Alive

Alive (1993)

Continuity mistake: After 70 days in the Andes, Nando has not grown a beard. Two days later, when they come with the choppers, he's managed to grow quite a nice one.

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Suggested correction: It's possible that Nando continued shaving (offscreen) while they were living at the plane, but gave it up (or left his razor behind) during the trek out of the mountains. In real life, some of the survivors did shave while in the mountains.

Factual error: Most of the time the boys have no visible breaths, even though they're in a freezing climate.

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Revealing mistake: At the beginning of the "Day 50" scene, there is a shot of the "human" meat thawing - in the top right of the screen, a pig snout is visible.

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PhoebeH

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Trivia: The guy who first follows Parrada and Canessa on their expedition to find Chile is nicknamed Tintin. In one of the most famous Tintin albums the cartoon hero goes to the Himalayas to find a friend who is reported dead after a plane crash in the mountains. Most likely a coincidence, but still notable.

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Trivia: The Fairchild crashed on Friday the 13th of October.

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Trivia: John Malkovich is never credited for his appearance as older Carlitos in the beginning and end of the film.

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Question: What does Cannessa mean when he says "I had no premonition. So much for ESP,"?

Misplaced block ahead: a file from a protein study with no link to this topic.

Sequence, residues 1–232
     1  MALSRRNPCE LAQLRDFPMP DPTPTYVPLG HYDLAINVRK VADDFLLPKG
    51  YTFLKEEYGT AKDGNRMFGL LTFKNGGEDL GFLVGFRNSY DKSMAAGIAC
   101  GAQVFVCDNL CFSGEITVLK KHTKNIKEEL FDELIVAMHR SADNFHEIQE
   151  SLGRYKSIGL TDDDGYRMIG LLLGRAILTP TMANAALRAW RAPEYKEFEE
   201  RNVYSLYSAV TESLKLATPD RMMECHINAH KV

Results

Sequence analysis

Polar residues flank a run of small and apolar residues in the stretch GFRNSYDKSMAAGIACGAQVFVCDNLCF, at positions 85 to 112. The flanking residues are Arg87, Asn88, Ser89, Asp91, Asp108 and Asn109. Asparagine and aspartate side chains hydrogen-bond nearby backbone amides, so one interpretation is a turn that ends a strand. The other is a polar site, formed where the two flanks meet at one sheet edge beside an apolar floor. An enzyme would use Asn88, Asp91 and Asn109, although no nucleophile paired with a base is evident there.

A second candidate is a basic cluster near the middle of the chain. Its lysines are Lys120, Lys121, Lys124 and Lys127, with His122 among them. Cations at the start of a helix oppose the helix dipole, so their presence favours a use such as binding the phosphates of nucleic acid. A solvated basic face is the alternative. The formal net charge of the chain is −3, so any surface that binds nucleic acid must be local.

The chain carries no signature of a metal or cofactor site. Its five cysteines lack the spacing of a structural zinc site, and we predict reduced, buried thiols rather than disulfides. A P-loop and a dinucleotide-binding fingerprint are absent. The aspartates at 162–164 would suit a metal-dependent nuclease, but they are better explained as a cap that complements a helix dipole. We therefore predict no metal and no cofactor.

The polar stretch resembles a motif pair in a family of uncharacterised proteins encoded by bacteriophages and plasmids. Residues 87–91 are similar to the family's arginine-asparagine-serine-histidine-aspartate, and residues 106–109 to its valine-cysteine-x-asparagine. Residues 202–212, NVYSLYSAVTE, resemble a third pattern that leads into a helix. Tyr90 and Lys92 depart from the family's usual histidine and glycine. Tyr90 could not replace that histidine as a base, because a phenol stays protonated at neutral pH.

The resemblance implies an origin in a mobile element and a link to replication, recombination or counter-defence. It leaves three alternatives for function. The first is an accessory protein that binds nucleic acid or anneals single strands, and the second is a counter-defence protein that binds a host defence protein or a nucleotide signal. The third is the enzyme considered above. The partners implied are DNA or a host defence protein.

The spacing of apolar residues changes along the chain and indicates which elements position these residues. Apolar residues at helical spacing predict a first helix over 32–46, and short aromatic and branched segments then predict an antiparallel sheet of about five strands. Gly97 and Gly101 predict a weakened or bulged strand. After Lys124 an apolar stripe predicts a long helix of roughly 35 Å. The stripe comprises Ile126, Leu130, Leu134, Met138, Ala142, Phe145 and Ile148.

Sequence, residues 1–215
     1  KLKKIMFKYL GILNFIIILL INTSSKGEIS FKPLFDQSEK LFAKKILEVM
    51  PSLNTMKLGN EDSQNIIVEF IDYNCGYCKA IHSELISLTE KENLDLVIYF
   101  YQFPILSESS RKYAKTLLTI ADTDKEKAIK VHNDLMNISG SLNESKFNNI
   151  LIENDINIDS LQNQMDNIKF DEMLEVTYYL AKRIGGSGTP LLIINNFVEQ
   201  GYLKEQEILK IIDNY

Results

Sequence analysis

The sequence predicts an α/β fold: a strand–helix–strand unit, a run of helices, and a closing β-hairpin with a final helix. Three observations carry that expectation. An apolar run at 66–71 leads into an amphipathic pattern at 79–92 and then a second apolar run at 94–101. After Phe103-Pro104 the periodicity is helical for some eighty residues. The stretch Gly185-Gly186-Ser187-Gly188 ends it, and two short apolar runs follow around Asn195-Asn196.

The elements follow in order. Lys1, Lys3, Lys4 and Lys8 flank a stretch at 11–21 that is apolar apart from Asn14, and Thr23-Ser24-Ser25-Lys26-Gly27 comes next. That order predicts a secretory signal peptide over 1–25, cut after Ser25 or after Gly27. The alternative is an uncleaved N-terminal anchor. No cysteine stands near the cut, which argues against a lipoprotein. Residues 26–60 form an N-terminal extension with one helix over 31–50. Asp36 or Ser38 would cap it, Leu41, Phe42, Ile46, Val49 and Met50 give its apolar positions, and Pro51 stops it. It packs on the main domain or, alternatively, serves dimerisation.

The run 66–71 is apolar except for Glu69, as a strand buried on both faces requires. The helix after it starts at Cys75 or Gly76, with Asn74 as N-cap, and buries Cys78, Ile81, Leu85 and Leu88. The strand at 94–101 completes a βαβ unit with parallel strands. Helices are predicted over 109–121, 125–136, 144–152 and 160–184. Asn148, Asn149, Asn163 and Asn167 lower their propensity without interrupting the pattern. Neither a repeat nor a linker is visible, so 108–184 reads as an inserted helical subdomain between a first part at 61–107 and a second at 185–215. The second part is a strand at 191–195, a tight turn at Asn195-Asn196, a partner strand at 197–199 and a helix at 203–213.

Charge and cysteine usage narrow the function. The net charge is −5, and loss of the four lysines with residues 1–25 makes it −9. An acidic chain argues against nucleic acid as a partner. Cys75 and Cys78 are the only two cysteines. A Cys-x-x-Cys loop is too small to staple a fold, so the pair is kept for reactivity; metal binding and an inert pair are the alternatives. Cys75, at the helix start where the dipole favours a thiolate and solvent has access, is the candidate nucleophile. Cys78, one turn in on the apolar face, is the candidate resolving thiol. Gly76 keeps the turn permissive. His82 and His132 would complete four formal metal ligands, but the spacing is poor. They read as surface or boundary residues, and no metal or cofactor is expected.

Chosen answer: ESP stands for Extra Sensory Perception, the ability to see into the future or predict it in the form of a premonition. He means that whatever happened, he literally didn't see it coming.

David Mercier

Question: I'm curious as to why Paéz is the narrator in the beginning and end of the film, when the movie focuses mainly on Canessa and Parrada as main characters. Almost all of the boys are alive today, and even if they weren't it is not Páez himself who is being interviewed but John Malcovich as Páez. So I'm still curious as to why they chose Páez instead of Parrado or Canessa, as they are both alive today.

Chosen answer: Keeping in mind that some parts of the audience were not familiar with the details of this story, using Paez as the narrator retains some of the suspense of Canessa and Parredo's journey across the Andes. If the audience is not told at the start that they survive, at least some viewers may have considered that one of them may die during their trek to civilization.


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